From the time we are born, we are conditioned to sit, sleep, walk and stand in a certain way. We are directed to “sit up straight” and to stick our “chest out” when we slouch. These ideas are actually counterproductive and do not correspond with how our ancestors sat, stood, and moved. The result? Back pain, digestive issues, shoulder and neck impingement, and more. Esther Gokhale knows this firsthand. She had excruciating back pain and resorted to several surgeries before she discovered the root of the problem: poor posture. Esther is the founder of the Gokhale Method: an approach that retrains the body to adopt its natural, primal posture. Today, she walks us through what’s wrong with our alignment and how to fix it. She offers simple tweaks for improving how we sit, stand, and even sleep. And she explains why it is critical to carry ourselves properly for a strong foundation for optimal wellbeing.
Highlights of the conversation include:
- Why a J- shaped spine should be our goal (as opposed to the S-shaped spine)
- How those spinal shapes affect our overall posture and possible back pain
- How our posture influences our overall physiology
- How to help correct posture through a sort of “inner massage”
- An alternative to the “power stance” (mental reset technique before going into a meeting)
- Why is it never too late to improve structural integrity
- What behaviors/habits we learn from birth & a young age that contribute to incorrect posture
- How our conditioning leads to posture behaviors quite different than those of our primal ancestors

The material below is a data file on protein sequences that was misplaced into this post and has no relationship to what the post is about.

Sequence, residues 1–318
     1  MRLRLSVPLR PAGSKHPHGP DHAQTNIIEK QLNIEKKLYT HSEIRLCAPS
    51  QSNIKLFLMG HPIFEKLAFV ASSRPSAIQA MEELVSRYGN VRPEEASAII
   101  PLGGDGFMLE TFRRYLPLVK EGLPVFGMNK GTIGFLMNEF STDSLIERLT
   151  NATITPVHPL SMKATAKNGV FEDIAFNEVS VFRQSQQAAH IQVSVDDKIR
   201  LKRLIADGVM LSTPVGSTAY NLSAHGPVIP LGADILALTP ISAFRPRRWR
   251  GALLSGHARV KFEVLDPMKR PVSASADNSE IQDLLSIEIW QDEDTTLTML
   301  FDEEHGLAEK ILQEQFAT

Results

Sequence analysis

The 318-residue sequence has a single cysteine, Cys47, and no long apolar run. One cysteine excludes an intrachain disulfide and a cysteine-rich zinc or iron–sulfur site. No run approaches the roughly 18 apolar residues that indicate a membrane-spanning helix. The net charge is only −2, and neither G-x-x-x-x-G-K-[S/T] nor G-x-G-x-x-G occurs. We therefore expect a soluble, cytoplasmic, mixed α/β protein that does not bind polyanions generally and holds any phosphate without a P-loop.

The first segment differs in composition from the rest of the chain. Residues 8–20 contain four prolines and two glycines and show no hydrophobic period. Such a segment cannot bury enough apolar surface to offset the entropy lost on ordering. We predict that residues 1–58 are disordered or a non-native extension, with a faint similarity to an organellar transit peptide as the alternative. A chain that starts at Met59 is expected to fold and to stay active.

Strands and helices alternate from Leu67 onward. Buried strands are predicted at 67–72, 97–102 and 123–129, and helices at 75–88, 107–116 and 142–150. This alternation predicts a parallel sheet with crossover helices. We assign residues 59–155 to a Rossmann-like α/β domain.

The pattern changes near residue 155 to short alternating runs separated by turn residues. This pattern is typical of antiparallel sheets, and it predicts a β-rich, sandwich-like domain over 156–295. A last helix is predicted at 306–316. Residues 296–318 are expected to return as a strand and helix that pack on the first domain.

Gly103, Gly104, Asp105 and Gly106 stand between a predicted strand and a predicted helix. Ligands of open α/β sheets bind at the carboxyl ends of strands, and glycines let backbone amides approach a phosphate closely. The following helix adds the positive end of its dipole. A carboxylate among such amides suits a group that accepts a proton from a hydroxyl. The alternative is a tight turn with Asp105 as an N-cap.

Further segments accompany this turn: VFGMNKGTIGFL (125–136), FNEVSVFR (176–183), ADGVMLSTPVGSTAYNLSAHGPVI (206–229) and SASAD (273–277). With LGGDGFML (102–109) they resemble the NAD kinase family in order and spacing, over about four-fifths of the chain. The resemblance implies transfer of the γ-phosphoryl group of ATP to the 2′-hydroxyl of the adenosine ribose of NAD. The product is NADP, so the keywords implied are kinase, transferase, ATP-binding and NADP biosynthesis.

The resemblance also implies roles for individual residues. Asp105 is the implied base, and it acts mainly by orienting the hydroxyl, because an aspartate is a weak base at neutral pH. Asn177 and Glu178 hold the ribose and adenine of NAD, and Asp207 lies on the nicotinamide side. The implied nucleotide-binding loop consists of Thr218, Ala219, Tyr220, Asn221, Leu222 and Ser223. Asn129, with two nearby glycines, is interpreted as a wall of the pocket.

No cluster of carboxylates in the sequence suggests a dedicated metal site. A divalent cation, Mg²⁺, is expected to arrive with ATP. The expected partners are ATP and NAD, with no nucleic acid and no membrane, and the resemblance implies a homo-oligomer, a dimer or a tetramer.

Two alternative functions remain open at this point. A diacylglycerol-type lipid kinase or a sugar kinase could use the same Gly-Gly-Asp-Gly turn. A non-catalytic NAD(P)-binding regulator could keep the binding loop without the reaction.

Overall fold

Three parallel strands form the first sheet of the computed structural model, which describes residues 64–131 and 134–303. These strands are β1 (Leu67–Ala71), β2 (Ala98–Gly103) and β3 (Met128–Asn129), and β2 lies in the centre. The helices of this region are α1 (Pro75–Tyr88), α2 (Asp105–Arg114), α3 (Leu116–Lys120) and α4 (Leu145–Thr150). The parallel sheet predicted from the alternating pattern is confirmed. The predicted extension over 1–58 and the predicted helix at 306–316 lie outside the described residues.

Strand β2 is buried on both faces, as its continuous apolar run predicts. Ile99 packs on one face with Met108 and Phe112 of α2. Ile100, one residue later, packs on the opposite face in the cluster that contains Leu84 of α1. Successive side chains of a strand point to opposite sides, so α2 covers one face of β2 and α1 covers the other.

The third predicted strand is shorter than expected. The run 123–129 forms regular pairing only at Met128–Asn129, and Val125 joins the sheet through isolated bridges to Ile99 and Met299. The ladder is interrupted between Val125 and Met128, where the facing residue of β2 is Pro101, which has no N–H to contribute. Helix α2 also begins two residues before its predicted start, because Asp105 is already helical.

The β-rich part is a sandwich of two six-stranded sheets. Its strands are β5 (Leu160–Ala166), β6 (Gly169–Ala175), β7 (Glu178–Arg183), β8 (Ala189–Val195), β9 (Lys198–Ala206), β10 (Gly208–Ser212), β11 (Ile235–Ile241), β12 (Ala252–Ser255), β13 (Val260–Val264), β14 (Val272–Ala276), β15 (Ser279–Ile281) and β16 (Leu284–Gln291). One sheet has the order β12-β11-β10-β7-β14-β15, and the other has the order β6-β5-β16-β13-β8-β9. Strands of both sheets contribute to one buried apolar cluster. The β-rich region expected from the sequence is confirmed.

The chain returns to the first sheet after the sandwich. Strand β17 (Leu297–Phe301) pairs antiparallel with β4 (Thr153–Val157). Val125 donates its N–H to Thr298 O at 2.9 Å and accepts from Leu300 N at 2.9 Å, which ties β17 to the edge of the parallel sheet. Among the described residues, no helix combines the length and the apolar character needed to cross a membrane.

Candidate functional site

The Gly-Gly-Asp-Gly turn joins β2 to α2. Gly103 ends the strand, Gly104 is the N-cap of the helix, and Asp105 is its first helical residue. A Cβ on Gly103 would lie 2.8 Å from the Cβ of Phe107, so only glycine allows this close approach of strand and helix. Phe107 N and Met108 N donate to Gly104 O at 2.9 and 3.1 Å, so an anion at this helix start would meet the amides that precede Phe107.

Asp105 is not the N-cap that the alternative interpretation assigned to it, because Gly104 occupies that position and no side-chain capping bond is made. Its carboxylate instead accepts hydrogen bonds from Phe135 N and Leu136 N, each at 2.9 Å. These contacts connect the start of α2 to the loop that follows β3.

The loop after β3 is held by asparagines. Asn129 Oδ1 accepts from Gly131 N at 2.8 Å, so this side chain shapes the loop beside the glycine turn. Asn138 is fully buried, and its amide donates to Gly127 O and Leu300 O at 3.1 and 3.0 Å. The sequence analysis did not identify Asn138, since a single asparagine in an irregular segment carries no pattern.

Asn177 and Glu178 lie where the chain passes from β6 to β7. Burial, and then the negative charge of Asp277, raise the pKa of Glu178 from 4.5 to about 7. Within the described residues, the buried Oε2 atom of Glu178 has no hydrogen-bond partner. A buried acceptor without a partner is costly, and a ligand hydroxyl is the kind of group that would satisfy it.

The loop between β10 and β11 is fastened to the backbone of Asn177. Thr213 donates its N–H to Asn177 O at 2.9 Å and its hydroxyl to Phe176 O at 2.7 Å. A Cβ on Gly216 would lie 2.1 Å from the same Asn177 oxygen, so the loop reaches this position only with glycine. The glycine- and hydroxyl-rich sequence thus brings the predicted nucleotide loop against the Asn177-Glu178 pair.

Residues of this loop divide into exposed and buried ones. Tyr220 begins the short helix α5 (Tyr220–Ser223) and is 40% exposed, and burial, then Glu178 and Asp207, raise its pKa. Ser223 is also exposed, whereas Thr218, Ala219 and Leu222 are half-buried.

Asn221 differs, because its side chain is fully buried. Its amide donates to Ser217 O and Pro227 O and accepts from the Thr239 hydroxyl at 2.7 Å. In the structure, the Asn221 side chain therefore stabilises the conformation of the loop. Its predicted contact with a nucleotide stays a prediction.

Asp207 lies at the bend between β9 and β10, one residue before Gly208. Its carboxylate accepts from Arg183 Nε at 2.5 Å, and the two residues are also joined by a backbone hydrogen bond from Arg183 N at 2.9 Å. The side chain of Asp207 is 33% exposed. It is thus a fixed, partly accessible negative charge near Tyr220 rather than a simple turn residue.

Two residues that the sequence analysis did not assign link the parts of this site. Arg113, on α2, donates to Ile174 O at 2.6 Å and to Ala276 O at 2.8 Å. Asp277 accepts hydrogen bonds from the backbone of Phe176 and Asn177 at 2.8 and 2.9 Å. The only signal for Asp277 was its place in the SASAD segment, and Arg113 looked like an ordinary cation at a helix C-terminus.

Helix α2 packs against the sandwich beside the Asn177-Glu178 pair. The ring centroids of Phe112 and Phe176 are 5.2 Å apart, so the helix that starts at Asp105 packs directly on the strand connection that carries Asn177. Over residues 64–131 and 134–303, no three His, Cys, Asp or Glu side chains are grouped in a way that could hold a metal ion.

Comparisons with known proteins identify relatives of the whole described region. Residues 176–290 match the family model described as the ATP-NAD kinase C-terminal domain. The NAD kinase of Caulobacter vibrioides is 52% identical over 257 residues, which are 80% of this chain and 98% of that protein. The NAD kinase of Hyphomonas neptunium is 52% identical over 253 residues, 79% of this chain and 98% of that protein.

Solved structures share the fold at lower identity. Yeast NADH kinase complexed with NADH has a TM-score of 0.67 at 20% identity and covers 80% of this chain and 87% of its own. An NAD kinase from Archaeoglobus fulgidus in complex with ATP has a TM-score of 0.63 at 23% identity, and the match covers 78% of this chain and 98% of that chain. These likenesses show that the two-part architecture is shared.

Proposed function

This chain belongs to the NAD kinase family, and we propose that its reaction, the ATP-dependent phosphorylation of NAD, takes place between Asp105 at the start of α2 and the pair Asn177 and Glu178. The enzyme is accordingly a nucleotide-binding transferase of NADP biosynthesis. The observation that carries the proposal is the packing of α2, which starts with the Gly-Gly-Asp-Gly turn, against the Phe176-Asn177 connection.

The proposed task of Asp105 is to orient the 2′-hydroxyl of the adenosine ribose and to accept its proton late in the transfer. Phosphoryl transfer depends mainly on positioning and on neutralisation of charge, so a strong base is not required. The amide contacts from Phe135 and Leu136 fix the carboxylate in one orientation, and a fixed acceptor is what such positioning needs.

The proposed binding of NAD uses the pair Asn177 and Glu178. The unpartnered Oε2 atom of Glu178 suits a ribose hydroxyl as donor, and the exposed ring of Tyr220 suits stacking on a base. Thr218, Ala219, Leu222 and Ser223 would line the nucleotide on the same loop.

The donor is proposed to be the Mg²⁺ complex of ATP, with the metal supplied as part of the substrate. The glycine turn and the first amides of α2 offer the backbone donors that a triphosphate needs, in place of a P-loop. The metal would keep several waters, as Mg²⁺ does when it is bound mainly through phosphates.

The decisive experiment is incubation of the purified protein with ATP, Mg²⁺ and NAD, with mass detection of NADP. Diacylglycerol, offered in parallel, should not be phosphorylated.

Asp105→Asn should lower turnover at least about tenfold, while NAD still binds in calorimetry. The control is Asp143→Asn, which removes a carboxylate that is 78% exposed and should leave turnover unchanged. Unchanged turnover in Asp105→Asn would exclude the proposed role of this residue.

- Lengthening exercises that address the root cause of our posture issues & how to include them in your day
- The fact that furniture and even clothing conform to our learned posture habits
- How a nutrient-dense diet helps with structural integrity
- How proper positioning during sleep can help improve sleep quality and overall well-being
Crowdsourced Treatment Ratings
TEDx Talk – “Find Your Primal Posture”
“Eight Steps to a Pain-Free Back” by Esther Gokhale🖨️ Print post
This seems very similar to the Alexander Technique, something that has been around since the late 1800s and was for a while adopted by the medical profession until the drug companies took hold. The main difference looks to be that Alexander Technique is all about learning to “not do”. We all learn habits throughout our lives that affect our body’s functioning. To overcome this we have to learn not to keep doing this habit.
For example, say you pull a muscle in your leg and begin to limp to minimise the pain. Even after the pain is gone, almost everyone will still limp to some extent from the habit learned while it was sore. Then think of all the similar things that happen throughout life, and there ends up being a pile of habit upon habit affecting the way the body works.
Alexander Technique teaches how to inhibit these habits, not by doing exercises or doing things in a particular way, but by being aware of what is happening.